There is no man hath a virtue that he hath not a glimpse of, nor any man an attaint but he carries some stain of it.

Read more at http://quotes.dictionary.com/There_is_no_man_hath_a_virtue_that#Zyr8HucJpTARHcgA.99

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    This question appears to be off-topic because it is about historical English - this might be on-topic at English Language & Usage – jimsug Jul 26 '14 at 23:32
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    @StoneyB No. But you've no evidence to support your assertion, as the OP has provided none. You cannot assume that the issue is lack of context, it could just as easily be the dated language used. In the same way, you're assuming that I'm forbidding language learners from having an interest in Shakespeare, where I was merely pointing out that this is off-topic, as defined by our help center. I would suggest to the OP that they add more information about what they are having trouble with. – jimsug Jul 27 '14 at 0:00
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    This question appears to be off-topic because it does not identify any particular issues or concerns regarding the text. – Esoteric Screen Name Jul 27 '14 at 1:17
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    I'm not sure Old English or Middle English should really be on-topic. I'm okay with Early Modern English, though. – snailcar Jul 27 '14 at 3:56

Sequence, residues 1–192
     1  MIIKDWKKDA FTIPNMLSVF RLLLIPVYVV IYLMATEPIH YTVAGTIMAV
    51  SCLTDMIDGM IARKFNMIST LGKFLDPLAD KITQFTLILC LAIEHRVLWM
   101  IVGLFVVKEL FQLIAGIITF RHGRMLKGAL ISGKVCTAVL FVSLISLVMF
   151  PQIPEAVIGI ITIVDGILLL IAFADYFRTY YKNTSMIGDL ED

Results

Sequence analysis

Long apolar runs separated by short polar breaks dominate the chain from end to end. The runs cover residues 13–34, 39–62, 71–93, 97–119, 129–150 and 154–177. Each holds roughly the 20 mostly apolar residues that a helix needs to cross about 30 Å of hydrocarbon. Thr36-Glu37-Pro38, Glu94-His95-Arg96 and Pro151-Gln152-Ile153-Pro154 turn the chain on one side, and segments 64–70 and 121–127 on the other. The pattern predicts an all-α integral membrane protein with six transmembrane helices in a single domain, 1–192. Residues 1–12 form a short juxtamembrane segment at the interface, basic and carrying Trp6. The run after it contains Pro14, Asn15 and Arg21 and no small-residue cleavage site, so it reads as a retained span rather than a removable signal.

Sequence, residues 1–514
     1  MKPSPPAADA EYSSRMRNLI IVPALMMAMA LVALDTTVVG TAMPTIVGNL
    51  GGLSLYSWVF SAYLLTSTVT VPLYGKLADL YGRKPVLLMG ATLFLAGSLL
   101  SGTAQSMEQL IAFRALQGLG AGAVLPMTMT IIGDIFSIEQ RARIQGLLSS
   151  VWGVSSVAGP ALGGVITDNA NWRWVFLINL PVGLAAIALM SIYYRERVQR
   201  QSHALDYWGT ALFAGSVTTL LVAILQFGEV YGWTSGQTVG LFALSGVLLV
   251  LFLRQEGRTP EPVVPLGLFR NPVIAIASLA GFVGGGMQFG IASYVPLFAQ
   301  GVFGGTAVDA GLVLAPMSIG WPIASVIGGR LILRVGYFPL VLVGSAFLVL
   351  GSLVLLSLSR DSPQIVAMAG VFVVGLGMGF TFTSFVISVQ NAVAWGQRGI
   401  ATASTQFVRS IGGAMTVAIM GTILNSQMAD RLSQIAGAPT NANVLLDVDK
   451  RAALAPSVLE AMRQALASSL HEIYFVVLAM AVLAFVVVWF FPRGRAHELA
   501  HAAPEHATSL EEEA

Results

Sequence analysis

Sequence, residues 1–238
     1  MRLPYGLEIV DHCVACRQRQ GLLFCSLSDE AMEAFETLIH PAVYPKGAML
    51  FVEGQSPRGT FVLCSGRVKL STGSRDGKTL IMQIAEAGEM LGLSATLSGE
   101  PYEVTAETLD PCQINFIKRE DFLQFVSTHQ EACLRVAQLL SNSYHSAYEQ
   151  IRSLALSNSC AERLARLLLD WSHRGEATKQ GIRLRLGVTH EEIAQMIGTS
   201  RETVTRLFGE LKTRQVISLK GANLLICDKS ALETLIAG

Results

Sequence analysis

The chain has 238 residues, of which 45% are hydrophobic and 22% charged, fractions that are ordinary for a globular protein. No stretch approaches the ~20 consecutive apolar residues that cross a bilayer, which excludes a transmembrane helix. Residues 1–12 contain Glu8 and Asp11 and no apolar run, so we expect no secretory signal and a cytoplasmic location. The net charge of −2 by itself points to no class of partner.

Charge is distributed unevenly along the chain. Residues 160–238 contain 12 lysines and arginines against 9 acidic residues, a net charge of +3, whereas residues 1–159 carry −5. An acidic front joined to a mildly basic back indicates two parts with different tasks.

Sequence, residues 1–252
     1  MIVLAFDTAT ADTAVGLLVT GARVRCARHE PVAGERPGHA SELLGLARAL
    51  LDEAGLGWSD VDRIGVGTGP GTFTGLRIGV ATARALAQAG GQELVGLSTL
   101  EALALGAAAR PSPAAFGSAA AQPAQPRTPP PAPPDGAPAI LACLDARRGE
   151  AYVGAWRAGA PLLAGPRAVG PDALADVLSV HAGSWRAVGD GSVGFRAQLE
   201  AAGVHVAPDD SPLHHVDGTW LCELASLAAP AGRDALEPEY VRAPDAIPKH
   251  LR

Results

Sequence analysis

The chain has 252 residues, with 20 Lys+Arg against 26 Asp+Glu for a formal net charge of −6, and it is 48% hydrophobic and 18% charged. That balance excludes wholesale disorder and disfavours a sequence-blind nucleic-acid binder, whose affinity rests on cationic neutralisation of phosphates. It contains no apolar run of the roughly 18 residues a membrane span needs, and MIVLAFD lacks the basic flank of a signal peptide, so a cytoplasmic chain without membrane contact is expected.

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    Here's my take: If someone wants to ask a question about Shakespeare, fine. However, the question should be more than "What does this mean?" and should provide research. What words has the O.P. looked up already? What parts are still not understood? Which words are particularly vexing? Also, it wouldn't hurt if the O.P. added a caveat, saying something like, "I know this isn't modern English, but I'm still very much interested in this particular phrase." Put another way, I wouldn't vote to close this question because it asks about The Bard, but I might because of how it asks about The Bard. – J.R. Jul 27 '14 at 9:54

You have to consult the context to understand what is being said here. The two hes in this sentence do not refer to the preceding no man and any man but to the topic of Alexander's speech, the very complex Greek hero Ajax:

This man, lady, hath robbed many beasts of their particular additions; he is as valiant as the lion, churlish as the bear, slow as the elephant: a man into whom nature hath so crowded humours that his valour is crushed into folly, his folly sauced with discretion: there is no man hath a virtue that he hath not a glimpse of, nor any man an attaint but he carries some stain of it ...

The part you ask about may be paraphrased:

There is no virtue, in any man, that Ajax does not have at least a hint of; and there is no vice, in any man, that Ajax is not to some extent tainted with.

  • @user8153 Sort of. The point is that Ajax has, in some degree, all qualities which anybody has. That entails, logically, that everybody has some of Ajax' qualities, too; but Alexander is not interested in that. – StoneyB on hiatus Jul 27 '14 at 0:01
  • @user8153 Exactly. Today we would say Nor does any man have an attaint without... – StoneyB on hiatus Jul 27 '14 at 10:37